NEWS Japan: Drunk people who fall asleep on the road can die in traffic accidents, Tokyo police warn

Japan: Drunk people who fall asleep on the road can die in traffic accidents, Tokyo police warn


Police in the Japanese capital are urging people to cut back on alcohol consumption this holiday, amid an increase in the number of people killed by vehicles after drinkers fell asleep in the streets.

Tokyo police recently tweeted that as of Nov. 25, 10 people had died in such accidents this year postal – accounted for 22% of all pedestrian fatalities in the capital. “This is twice as much as last year. Pedestrians please drink in moderation!” the post read.

Police fear the death toll could rise further as people attend end-of-year celebrations and office parties, especially as nightlife resumes after Covid restrictions are eased.

The department has released a public service announcement video reminding people of the risks of excessive drinking and road safety tips. On New Year’s Eve, it will be displayed in 60,000 taxis with displays in Tokyo.

Japan lifted its coronavirus state of emergency in October 2021, allowing restaurants to sell alcohol again and open later, but restrictions in parts of the country continued until March.

International travel to Japan resumed in October, with tourism authorities hoping for a wave of visitors during the holiday season.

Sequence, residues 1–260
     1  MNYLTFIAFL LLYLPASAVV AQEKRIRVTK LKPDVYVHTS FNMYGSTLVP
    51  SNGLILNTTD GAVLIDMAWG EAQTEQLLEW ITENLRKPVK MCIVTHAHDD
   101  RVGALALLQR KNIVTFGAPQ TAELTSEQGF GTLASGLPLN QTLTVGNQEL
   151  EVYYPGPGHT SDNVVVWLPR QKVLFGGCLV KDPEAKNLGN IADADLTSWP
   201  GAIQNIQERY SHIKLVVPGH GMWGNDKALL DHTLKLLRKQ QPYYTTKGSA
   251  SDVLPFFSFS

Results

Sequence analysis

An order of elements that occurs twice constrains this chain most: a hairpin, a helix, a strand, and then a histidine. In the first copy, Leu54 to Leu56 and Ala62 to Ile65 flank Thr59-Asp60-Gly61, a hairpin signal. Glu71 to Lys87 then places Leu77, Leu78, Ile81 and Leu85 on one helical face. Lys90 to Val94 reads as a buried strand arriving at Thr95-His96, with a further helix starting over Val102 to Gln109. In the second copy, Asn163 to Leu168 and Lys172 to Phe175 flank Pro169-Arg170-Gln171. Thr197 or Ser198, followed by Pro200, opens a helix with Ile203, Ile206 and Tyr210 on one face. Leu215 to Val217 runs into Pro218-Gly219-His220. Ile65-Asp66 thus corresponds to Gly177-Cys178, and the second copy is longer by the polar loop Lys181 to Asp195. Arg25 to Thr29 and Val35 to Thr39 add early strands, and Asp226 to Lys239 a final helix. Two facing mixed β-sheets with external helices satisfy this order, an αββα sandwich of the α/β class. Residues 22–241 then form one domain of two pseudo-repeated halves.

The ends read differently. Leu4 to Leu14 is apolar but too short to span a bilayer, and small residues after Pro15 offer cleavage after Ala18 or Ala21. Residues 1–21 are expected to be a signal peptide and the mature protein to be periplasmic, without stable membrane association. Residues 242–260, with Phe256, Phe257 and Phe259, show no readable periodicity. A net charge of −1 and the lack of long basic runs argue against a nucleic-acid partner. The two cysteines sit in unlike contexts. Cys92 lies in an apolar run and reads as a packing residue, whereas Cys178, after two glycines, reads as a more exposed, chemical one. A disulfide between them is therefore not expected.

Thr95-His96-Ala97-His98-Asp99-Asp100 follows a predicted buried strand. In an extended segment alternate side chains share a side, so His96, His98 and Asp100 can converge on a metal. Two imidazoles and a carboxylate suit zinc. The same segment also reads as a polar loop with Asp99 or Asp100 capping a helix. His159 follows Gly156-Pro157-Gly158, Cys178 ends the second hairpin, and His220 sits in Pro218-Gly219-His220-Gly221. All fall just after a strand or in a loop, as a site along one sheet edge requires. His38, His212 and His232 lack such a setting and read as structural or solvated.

According to a 2021 OECD study, Japan has relatively low levels of alcohol consumption, which has also played a role in the pandemic, but social drinking during celebrations is commonplace.

The average Japanese drink about 8 liters of pure alcohol per year – roughly equivalent to 1.6 bottles of wine or about 3 liters of beer per person per week.

Alcohol consumption has declined in Japan during the pandemic, with business restricted at bars and other places that sell alcohol.

Falling sales have also weighed on liquor tax revenue, prompting the Japanese government this year to launch a controversial campaign aimed at encouraging young people to drink more.

But Japan’s health ministry has warned in the past about the dangers of excessive drinking. In a post on its website last year, it called excessive drinking a “major social problem” that persisted despite a recent slowdown in consumption. It also urged people with unhealthy drinking habits to “reconsider” their relationship with alcohol.

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